The money wasn’t there right away. I was a high-school dropout. When I dropped out of high school, I decided I had to go out on my own. I was 17. It was time to do something. I started working in a restaurant. It wasn’t paying the bills as a 17-year-old, so I got into construction. I needed to get my education back. I went back to school. Then my dad, who was in health care, got me a job in one of his nursing homes.
Long story short: I worked my way up, got my high school diploma, went to community college, became a regional manager [of nursing homes], then a vice president, but while doing all this, I was still dabbling in food.
Back up: Why did you drop out of high school?
High school, for me, was always a chore. If I wasn’t playing sports or drama, I would be miserable. I hated it. I started working in a restaurant part-time. The owner got into my head and said, “You can be a full-time chef!” I made a stupid decision against my parents’ will. I was always hard-headed and independent. I’ve been working 40-hours-plus a week since I was 16 years old, and there’s something to be said for that in this day and age.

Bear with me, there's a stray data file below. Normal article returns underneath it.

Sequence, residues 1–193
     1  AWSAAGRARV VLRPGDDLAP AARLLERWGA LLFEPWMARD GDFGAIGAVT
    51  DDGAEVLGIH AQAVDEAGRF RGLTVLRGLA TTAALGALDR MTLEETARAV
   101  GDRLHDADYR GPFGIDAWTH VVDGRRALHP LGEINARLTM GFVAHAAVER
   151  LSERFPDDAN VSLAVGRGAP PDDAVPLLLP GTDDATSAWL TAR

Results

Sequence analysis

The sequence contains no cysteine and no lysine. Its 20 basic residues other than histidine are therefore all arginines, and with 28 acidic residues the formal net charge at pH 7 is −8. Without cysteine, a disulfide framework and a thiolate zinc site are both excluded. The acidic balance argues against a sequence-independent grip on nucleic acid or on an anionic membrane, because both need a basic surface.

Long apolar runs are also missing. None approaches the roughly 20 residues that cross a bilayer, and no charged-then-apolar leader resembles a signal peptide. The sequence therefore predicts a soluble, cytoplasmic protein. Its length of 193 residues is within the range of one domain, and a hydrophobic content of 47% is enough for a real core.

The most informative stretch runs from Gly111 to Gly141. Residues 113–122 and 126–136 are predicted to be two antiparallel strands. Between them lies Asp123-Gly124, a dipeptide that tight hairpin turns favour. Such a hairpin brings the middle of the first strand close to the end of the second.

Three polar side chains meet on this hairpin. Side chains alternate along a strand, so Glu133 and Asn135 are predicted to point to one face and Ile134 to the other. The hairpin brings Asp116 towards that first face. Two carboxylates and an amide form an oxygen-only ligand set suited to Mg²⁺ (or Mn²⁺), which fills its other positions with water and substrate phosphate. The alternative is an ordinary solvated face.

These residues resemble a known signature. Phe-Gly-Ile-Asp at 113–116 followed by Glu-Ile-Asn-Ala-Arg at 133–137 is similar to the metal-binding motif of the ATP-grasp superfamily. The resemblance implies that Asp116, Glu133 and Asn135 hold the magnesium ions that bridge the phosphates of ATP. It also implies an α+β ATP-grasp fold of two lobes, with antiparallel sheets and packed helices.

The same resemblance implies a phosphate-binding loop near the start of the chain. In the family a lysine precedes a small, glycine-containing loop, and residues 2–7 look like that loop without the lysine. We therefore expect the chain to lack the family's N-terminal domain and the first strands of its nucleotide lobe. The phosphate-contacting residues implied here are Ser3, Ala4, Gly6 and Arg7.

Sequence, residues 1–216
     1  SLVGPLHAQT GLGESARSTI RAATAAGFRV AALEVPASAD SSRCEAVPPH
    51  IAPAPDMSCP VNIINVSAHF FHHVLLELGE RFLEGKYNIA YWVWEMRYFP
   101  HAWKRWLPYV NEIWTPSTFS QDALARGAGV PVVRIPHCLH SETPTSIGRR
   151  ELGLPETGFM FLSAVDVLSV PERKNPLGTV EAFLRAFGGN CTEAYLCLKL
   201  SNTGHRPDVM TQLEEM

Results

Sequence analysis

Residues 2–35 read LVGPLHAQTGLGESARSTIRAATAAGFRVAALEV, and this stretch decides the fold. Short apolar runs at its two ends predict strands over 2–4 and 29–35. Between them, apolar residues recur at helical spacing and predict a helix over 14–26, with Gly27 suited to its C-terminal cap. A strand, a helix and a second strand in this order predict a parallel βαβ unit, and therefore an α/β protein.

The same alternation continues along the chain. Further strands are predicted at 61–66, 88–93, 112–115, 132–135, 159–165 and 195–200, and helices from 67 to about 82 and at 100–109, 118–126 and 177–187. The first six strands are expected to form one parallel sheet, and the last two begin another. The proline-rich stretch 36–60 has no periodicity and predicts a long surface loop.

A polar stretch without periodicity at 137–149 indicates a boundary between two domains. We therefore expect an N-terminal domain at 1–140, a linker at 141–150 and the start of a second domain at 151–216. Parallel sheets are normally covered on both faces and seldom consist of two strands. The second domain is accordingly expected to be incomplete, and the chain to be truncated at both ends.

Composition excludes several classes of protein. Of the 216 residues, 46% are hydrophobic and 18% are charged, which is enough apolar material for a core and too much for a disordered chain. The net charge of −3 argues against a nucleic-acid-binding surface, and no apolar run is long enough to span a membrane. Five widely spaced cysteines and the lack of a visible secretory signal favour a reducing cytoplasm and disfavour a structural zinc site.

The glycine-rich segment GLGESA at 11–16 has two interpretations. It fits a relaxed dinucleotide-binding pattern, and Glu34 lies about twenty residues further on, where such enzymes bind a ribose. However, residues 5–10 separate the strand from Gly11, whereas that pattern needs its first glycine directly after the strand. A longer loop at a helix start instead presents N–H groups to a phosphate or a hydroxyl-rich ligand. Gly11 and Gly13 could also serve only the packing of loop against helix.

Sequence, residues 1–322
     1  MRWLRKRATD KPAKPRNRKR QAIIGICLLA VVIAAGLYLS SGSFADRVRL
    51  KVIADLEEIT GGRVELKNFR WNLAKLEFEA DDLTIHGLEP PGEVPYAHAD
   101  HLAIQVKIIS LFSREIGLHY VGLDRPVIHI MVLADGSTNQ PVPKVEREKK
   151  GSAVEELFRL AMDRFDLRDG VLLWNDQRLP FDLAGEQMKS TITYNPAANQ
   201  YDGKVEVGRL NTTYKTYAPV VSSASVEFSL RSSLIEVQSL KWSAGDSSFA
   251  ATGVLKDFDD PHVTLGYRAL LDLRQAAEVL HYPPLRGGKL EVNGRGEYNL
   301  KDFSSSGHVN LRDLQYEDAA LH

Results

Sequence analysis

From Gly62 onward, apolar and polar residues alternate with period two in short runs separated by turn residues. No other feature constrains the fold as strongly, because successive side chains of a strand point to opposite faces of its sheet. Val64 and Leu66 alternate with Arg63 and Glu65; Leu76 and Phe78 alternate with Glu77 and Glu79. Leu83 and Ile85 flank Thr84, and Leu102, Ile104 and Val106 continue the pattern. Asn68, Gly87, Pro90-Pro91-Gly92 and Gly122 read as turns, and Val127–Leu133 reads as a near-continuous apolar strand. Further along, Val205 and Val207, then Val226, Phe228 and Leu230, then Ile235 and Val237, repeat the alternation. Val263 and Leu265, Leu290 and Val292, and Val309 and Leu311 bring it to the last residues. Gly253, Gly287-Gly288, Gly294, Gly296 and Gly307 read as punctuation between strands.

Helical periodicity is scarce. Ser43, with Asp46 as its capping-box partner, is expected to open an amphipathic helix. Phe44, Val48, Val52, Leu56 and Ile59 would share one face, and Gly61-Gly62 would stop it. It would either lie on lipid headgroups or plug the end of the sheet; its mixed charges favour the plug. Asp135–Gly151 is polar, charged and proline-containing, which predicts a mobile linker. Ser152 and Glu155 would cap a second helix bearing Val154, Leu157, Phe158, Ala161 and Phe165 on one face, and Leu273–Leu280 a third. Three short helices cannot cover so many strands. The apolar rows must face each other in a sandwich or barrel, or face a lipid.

How did you get back into cooking?
I was a private chef. This was during the surge of Emeril Lagasse. Anyone could be a private chef; just put the work in! I was newly married; I just had my first child. My grandmother was a self-taught chef. My mom is a fantastic cook. I learned from them and ingrained myself in the culinary world as far as cooking shows, magazines, and any free time I had, I started cooking.
We had a big friend group in New Jersey and hosted dinner parties. It turned into people saying, “Why don’t you come to my house and cook?” We did just about everything, but primarily Italian was the biggest influence. People started hiring me. I thought, “Maybe I can make some money on the side. It’s something I can do on the weekends.”
Why did you relocate to Massachusetts from a pizza capital like New Jersey?